Akhil Reed Amar
Sterling Professor of Law
(on leave, fall 2016)
Akhil Reed Amar is Sterling Professor of Law and Political Science at Yale University, where he teaches constitutional law in both Yale College and Yale Law School. His work has won awards from both the American Bar Association and the Federalist Society.FULL BIOGRAPHY
Akhil Reed Amar is Sterling Professor of Law and Political Science at Yale University, where he teaches constitutional law in both Yale College and Yale Law School. After graduating from Yale College, summa cum laude, in 1980 and from Yale Law School in 1984, and clerking for then Judge (now Justice) Stephen Breyer, Amar joined the Yale faculty in 1985 at the age of 26. His work has won awards from both the American Bar Association and the Federalist Society, and he has been favorably cited by Supreme Court justices across the spectrum in more than 30 cases—tops in his generation. In various comprehensive surveys of judicial citations and/or scholarly citations, he invariably ranks among America’s five most-cited legal scholars under age sixty. He is a member of the American Academy of Arts and Sciences and in 2008 he received the DeVane Medal—Yale’s highest award for teaching excellence. He has written widely for popular publications such as The New York Times, The Washington Post, the Wall Street Journal, the Los Angeles Times, The Atlantic, and Slate. He was an informal consultant to the popular TV show The West Wing, and his work has been showcased on more recent TV shows such as The Colbert Report, Charlie Rose, and The MHP Show. Professor Amar is the author of dozens of law review articles and several books, including The Constitution and Criminal Procedure: First Principles (Yale Univ. Press, 1997), The Bill of Rights: Creation and Reconstruction (Yale Univ. Press, 1998), America’s Constitution: A Biography (Random House, 2005), America’s Unwritten Constitution: The Precedents and Principles We Live By (Basic Books, 2012), and The Law of the Land: A Grand Tour of our Constitutional Republic (Basic Books, 2015). His newest book, The Constitution Today: Timeless Lessons for the Issues of Our Era, is being published in September 2016—just in time for what promises to be a momentous election.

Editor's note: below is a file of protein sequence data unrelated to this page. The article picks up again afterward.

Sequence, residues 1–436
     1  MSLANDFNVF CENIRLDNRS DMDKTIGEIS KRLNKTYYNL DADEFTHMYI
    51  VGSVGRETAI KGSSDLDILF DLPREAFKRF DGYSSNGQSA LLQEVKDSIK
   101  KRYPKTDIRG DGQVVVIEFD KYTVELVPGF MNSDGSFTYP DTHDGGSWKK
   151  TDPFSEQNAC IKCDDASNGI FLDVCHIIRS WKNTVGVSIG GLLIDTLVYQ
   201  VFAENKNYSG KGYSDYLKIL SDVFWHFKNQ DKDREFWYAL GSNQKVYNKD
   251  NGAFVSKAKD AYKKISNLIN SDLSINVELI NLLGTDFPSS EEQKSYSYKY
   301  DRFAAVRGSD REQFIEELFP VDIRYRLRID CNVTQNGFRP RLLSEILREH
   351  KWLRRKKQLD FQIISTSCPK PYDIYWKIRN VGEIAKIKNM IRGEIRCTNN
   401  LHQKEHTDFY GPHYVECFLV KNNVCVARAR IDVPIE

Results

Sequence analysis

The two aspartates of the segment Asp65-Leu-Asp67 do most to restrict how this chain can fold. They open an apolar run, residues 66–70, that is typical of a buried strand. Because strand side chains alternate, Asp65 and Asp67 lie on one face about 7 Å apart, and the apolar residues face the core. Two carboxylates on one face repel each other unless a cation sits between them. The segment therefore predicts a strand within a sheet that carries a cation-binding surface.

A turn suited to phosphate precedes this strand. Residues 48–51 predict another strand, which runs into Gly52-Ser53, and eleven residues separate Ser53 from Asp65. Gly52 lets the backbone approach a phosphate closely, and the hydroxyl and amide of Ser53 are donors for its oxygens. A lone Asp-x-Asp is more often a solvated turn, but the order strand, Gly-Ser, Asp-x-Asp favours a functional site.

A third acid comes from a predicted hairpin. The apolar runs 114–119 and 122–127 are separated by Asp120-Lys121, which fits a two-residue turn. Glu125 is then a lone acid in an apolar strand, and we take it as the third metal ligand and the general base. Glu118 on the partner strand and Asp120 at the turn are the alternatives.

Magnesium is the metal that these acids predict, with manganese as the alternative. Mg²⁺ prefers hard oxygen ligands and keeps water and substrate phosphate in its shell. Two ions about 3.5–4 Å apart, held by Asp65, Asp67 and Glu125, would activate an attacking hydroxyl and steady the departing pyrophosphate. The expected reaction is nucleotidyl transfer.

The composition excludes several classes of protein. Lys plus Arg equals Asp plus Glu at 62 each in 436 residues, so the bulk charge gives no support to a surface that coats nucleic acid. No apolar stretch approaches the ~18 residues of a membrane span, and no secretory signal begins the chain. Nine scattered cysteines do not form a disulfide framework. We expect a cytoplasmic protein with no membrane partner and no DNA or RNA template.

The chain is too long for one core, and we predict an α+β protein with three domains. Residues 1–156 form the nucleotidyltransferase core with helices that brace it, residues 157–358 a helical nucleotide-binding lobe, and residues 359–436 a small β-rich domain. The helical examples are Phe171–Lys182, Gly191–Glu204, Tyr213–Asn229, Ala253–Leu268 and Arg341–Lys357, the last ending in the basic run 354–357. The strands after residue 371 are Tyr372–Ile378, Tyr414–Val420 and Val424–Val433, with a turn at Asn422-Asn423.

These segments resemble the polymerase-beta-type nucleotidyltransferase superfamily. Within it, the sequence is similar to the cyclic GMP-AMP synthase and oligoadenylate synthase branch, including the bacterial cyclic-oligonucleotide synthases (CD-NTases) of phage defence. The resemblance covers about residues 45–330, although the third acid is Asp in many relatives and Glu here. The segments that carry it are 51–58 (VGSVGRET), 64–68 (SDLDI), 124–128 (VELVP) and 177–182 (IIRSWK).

Tuesday, October 13, 2015
Bob Woodward, recipient of two Pulitzer Prizes, will be in conversation with Professor Akhil Reed Amar ’84 on October 19, 2015, at 4:30 pm in Room 127.
Tuesday, May 26, 2015
On May 20, President Barack Obama announced his intent to nominate Professor Akhil Amar ’84 to be a member of the National Council on the Humanities.
Wednesday, April 15, 2015
Sterling Professor of Law Akhil Reed Amar ’84 has written a book of essays, The Law of the Land (Basic Books, April 14, 2015), on the difference states make on American jurisprudence.
Wednesday, January 22, 2014
Four of Yale’s most distinguished scholars are inaugurating the University’s new free online course program. Among them is Akhil Amar, Sterling Professor of Law and Political Science, whose online course on “Constitutional Law” begins on January 27.
Thursday, December 20, 2012
Professor John Witt’s book, Lincoln’s Code, and Professor Akhil Amar’s book, America’s Unwritten Constitution, have been named notable books of 2012 by two top newspapers.
Thursday, September 6, 2012
In his new book, America’s Unwritten Constitution, Professor Akhil Reed Amar ’84 guides readers through the landmark cases, implicit principles, common practices, and more that make up our country’s unwritten Constitution.
Wednesday, November 30, 2011
Yale Law Professor Akhil Reed Amar ’84 and Visiting Professor Sanford V. Levinson will debate “Orthodoxy or Orthopraxy: Does the Text of the Constitution Matter?” as part of the “Debating Law & Religion” series on Dec. 6.
Thursday, November 6, 2008
Akhil Reed Amar, newly designated as Sterling Professor of Law, is a scholar of constitutional law, the Bill of Rights and criminal procedure.
Wednesday, July 5, 2006
Professor Amar was interviewed for a National Public Radio story
titled “Supreme Court More Conservative, Fragmented.”